Jets’ Garrett Wilson ‘confident’ he’ll make immediate impact

The NFL has seen rookie wide receivers have an immediate impact in the last few years.

Justin Jefferson of the Vikings set an NFL rookie record with 1,400 receiving yards in 2020. That record lasted one year because the Bengals’ Ja’Marr Chase broke it in 2021 with 1,455 yards.

The Jets now have a rookie receiver of their own who believes he can have an impact similar to the ones Jefferson and Chase had.

“I’m very confident,” Garrett Wilson said Saturday after the second day of the Jets’ rookie minicamp. “I think I can have that impact. I want to do everything it takes to have an impact. ”

The Jets do not need Wilson to set records. They just need him to give their offense a spark and quarterback Zach Wilson a target to throw to. The Jets have not had a 1,000-yard receiver since 2015 when both Brandon Marshall and Eric Decker did it.

Garrett Wilson catches a pass at Jets rookie minicamp.
Garrett Wilson catches a pass at Jets rookie minicamp.
Bill Kostroun / New York Post

The Jets selected Wilson with the No. 10 overall pick with the hope he can team up with Elijah Moore to give the Jets a young receiving tandem they have not had since the days of Keyshawn Johnson and Wayne Chrebet.

“Aside from mental makeup, he’s got tremendous body control, range, great route-running ability,” Jets coach Robert Saleh said of Wilson. “He’s got great versatility. He can win those one-on-ones that we talked about yesterday in man coverage when teams are out there in press. Obviously, there’s going to be things he has to work on like every rookie does. I’m really excited to have him and the versatility that he’ll provide. ”

Wilson was the second receiver drafted last month after USC’s Drake London, who was taken by the Falcons. It was a loaded draft for receivers with four more being taken in the eight picks following Wilson.

The Jets rave about Wilson’s body control and his ability to win in the air. Wilson credits his basketball background for that strength of his game. He played AAU basketball and averaged 21 points per game as a junior in high school. His father, Kenny, played in the NBA for the Nuggets.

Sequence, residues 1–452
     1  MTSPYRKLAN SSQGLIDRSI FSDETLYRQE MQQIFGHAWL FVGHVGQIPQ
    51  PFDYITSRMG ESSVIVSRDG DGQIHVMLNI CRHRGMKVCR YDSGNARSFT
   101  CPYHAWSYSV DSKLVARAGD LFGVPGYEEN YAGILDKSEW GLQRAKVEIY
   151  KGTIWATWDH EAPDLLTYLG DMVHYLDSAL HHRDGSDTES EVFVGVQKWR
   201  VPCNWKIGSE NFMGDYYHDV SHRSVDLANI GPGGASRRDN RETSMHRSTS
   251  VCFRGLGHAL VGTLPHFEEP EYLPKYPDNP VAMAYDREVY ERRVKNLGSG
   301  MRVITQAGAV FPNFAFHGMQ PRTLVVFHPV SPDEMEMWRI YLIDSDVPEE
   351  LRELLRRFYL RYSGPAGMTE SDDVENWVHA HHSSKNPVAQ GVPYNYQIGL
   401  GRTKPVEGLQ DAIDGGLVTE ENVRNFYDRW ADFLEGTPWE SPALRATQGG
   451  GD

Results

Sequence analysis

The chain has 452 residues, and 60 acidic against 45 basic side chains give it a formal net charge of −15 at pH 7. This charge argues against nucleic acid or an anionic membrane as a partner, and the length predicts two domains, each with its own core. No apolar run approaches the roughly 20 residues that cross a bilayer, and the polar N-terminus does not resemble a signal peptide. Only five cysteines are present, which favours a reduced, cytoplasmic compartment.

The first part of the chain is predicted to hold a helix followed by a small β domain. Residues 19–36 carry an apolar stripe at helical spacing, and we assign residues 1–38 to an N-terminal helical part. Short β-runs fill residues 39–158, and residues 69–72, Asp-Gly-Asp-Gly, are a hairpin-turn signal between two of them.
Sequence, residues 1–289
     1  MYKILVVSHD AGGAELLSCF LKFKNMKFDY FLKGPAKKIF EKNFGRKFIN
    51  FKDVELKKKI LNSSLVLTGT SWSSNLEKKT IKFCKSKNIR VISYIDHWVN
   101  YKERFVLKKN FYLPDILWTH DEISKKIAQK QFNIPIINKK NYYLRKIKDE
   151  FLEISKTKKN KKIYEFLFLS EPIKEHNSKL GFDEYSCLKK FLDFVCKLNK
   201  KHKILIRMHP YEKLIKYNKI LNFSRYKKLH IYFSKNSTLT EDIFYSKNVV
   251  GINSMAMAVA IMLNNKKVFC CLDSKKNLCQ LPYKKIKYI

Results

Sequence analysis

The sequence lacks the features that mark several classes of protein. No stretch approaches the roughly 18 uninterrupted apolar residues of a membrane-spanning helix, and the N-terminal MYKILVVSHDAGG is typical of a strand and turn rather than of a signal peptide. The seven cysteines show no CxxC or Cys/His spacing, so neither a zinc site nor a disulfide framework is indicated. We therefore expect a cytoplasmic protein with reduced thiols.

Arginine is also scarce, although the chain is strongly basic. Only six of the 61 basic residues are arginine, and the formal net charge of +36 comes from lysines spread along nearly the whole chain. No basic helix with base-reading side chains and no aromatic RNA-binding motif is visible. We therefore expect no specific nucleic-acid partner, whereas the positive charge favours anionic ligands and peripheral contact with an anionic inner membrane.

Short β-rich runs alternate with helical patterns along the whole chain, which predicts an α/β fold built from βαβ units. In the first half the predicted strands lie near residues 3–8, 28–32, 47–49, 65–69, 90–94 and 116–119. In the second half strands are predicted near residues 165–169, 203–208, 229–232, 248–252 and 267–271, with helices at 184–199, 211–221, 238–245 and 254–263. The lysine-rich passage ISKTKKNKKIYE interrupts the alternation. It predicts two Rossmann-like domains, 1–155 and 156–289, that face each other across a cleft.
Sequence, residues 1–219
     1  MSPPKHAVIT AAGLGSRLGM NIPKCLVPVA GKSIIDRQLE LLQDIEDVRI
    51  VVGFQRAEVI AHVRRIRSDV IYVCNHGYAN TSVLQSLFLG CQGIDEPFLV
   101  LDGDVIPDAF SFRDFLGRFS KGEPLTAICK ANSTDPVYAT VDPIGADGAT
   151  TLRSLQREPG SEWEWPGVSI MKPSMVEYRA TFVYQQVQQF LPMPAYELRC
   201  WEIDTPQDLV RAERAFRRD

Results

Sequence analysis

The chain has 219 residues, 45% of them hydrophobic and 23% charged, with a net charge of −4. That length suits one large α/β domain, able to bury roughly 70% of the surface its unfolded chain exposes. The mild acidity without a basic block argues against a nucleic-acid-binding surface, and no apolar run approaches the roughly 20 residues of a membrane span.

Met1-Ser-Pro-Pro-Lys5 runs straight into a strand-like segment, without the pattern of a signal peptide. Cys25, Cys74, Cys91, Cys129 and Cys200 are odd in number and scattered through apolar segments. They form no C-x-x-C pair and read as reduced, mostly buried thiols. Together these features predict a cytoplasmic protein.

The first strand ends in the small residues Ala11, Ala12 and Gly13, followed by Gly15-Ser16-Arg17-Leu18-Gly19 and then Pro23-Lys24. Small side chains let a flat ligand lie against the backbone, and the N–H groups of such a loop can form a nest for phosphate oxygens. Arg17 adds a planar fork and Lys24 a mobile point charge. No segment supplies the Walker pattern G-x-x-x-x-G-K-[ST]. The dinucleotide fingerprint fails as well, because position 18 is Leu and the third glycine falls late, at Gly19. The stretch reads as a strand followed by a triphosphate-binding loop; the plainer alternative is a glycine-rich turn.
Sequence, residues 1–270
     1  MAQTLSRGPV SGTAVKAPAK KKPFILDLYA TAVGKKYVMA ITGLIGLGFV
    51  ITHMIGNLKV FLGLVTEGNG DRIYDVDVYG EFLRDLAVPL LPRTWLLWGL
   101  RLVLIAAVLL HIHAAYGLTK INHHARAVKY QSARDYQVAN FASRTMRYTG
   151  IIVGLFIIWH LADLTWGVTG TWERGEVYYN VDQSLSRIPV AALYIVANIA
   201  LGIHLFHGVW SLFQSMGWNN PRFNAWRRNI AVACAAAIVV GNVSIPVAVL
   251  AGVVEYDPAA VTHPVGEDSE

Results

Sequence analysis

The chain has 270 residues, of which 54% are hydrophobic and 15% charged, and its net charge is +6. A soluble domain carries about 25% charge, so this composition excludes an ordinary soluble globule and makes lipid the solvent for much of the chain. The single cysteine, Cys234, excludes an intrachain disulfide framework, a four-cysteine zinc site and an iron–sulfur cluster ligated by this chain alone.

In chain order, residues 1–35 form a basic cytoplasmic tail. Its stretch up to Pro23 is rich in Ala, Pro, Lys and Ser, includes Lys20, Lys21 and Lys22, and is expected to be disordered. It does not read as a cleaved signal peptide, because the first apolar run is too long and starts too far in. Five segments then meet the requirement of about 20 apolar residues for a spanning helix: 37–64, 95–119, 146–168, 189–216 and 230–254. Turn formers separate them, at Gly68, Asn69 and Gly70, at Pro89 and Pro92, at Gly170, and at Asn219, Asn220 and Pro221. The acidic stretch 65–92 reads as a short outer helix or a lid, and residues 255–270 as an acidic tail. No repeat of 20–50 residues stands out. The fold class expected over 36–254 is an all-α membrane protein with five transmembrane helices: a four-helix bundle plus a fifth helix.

“Basketball I feel like translates really well to football,” Wilson said. “The constant jumping and getting up and down the floor. It’s so unpredictable. It’s not planned out. You kind of are reacting a lot of the time in basketball. It’s not like running a route where you know where you are going to break. ”

Wilson was born in Ohio and lived there until his family moved to Texas when he was in sixth grade. He watched Lake Travis High School football games and their quarterback Baker Mayfield and began to feel the tug of football over basketball.

“[In Ohio] the football games had a good turnout, the basketball games had a good turnout, but the whole city shutdown when I got down to Lake Travis on a Friday, “Wilson said.” It was just totally different, the support behind the team. It’s really good to grow up there and be an athlete really no matter what sport you’re playing. ”

Garrett Wilson speaks to the media at Jets rookie minicamp.
Garrett Wilson speaks to the media at Jets rookie minicamp.
Bill Kostroun / New York Post

Wilson had offers to play college basketball but chose to play football for Ohio State, where he became a star in the Buckeyes’ high-powered offense.

At 5-foot-11, 183 pounds, Wilson is not the biggest receiver you will see. He played inside and outside at Ohio State and the Jets value his versatility.

“They came in all shapes and sizes,” Saleh said. “A lot it has to do with that mental makeup. A lot of guys play bigger than they are, a lot of guys play smaller than they are. What I think separates him is he does have tremendous body control and range with regards to his length and all that stuff. He plays bigger than his measured size. ”

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